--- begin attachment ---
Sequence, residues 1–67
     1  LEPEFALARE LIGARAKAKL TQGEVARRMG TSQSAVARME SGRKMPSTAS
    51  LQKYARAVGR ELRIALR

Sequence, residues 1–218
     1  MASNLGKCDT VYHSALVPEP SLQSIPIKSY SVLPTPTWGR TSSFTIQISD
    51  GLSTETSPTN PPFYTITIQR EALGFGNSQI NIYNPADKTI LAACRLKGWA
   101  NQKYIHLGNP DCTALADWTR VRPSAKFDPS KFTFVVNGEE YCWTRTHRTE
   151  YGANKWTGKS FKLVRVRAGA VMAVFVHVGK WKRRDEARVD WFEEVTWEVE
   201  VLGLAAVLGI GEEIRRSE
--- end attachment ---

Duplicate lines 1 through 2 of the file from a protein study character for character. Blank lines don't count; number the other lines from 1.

Sequence, residues 1–67
     1  LEPEFALARE LIGARAKAKL TQGEVARRMG TSQSAVARME SGRKMPSTAS